Wilder Wednesday – Party Time

Wilder Wednesday posts are inspired by Laura Ingalls Wilder’s Little House on the Prairie book series.

The table was set prettily with Ma’s best white cloth and the blue pitcher full of flowers. The benches were drawn up on either side of it. Shiny tin cups were full of cold, creamy milk from the cellar, and the big platter was heaped with honey-colored vanity cakes.
The cakes were not sweet, but they were rich and crisp, and hollow inside. Each one was like a great bubble. The crisp bits of it melted on the tongue.
They ate and ate of those vanity cakes. They said they had never tasted anything so good, and they asked Ma what they were.
“Vanity cakes,” said Ma. “Because they are all puffed up, like vanity, with nothing solid inside.”
There were so many vanity cakes that they ate till they could eat no more, and they drank all the sweet, cold milk they could hold. Then the party was over.   ~On the Banks of Plum Creek, by Laura Ingalls Wilder

Do you like a good party? If so, you’re not the only one. Laura Ingalls Wilder did, too. In fact, she was quite imaginative with her party ideas.

Sometimes Laura made a party of regular club meetings. At one such occasion, she held an “international luncheon” and served whale meat sandwiches, home-made cheese, French-style strawberry preserves, candy from Switzerland, bread and butter sandwiches, and coffee.*
I had never heard of “French-style” preserves, so I looked it up online. Evidently, that means no pectin was used; just berries and sugar, and possibly a little water.

I’m pretty sure the whale meat and Swiss candy were compliments of Rose. Laura’s daughter, Rose Wilder Lane, was an international traveler and writer. I’ll have posts on her in the future.


Rose Wilder Lane

At another meeting, Laura held a gypsy-themed party. The local newspaper reported that “Gypsy costumes and customs prevailed…A gypsy tent and camp fires, fortune tellers, ghosts and ghost stories, and outdoor and indoor sports contributed to the pleasures of the evening.” Of course, “appropriate refreshments were served.”**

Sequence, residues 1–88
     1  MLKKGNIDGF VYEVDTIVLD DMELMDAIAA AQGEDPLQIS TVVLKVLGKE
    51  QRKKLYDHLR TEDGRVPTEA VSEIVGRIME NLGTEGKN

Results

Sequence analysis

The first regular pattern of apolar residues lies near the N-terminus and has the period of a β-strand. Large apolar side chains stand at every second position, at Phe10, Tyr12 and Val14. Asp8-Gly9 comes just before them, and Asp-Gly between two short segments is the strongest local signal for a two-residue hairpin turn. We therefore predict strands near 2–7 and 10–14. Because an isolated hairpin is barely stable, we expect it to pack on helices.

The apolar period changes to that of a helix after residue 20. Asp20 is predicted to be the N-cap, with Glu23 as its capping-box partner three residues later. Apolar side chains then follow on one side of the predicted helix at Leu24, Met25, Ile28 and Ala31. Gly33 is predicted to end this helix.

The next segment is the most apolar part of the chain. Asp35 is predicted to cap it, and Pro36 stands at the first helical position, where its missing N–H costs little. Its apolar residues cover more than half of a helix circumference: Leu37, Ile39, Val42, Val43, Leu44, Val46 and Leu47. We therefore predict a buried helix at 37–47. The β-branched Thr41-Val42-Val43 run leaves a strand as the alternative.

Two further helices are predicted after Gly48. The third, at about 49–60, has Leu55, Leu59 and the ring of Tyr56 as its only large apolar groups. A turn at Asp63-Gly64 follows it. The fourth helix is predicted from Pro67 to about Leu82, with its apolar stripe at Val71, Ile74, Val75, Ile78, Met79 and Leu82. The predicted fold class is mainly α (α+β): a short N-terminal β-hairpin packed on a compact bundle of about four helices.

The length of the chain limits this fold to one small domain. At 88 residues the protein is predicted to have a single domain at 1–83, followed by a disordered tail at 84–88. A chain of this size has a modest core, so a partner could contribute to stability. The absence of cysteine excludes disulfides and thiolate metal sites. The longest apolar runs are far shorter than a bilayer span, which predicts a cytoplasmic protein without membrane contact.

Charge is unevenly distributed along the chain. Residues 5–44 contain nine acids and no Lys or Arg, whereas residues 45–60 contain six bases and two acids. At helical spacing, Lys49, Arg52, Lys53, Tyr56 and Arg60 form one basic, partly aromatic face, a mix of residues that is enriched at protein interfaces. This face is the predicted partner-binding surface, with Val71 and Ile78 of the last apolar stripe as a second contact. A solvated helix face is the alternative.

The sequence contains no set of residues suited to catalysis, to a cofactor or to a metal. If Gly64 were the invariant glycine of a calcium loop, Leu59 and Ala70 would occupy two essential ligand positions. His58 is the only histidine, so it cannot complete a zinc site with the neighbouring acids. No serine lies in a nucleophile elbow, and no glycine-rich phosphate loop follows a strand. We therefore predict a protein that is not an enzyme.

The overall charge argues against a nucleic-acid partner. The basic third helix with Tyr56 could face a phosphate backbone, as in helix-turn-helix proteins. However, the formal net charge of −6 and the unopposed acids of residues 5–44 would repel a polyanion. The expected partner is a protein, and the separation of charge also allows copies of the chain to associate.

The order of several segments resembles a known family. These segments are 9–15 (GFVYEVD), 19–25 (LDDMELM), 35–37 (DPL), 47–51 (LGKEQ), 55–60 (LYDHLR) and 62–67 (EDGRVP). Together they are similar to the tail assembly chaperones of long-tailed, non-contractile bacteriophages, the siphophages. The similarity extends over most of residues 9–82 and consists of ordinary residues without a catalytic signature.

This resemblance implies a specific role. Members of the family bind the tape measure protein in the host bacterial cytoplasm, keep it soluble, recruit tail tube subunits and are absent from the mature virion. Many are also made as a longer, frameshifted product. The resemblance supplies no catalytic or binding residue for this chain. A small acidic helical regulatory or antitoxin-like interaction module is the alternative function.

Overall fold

I wonder what refreshments would be appropriate to a gypsy-themed party?

Both of those parties were thrown for a meeting of the Justamere Club, a club that Laura helped establish in 1919. They met monthly in members’ homes on a rotating basis and discussed cultural interests such as literature, music, and art. The official song of the club was written by Laura. It was titled “We Are All Good Friends,” and was set to music by Jean Jacques Marquis Du Chatelard Chateau, a friend of Rose’s who had visited Mansfield the previous fall. Laura served as the group’s President in 1921. She was very active in this club, and when it was her turn to host, Laura often made a real party of it.

Another organization Laura belonged to also inspired a party: the Order of the Eastern Star. Here’s the newspaper account of a surprise party Laura held for that group:

1917 oes party

Again, I wonder about the food. (Do you get the feeling that I love good food? You’d be correct!) The colors of the Star are blue, yellow, white, green, and red. Blueberries are the first thing to come to my mind for the blue, but this party was held in January; Laura probably did not have fresh berries. Perhaps she had some preserved, French-style. What foods would you use to fill the bill?

In 1920, Laura threw a birthday party for Rose—even though Rose was in Europe. Other than the guest of honor, it had all the things parties normally have: food, music, fellowship. Photos of Rose placed all around the room constituted the decoration. The main events of the evening were reading letters Rose had written to Laura describing her travels, and writing letters to Rose. Laura packaged all the messages together and sent them as a Christmas gift to her daughter.****
I never would have thought of having a party for someone who wasn’t there, but Laura could always come up with an idea for a party.

I opened this post with a quote from On the Banks of Plum Creek. Laura was asked many times about vanity cakes, but she said she never learned how to make them. Never fear, however; some kind soul in De Smet concocted a recipe for us to try. I haven’t attempted these; have you?


If you could go to one of Laura’s parties, which one would it be? Does it inspire you to have a party of your own?

*1-12-1922 issue of the Mansfield Mirror, Mansfield MO
** 9-29-1921 issue of the Mansfield Mirror, Mansfield MO
***1-11-1917 issue of the Mansfield Mirror, Mansfield MO
****12-2-1920 issue of the Mansfield Mirror, Mansfield MO


3 responses to this post.

  1. Posted by Jan on December 9, 2016 at 5:48 pm

    I was wondering if you might know what the word Justamere means? I have seen the Justamere Club mentioned several times in reference to one of the study/cultural groups Laura helped organize/attend and I would love to know its meaning/origin to understand why Rose chose that particular name for this group. Thanks for your help in advance.


  2. Posted by Jan on December 9, 2016 at 5:58 pm

    Could it be a play on words as in “just a mere” club?


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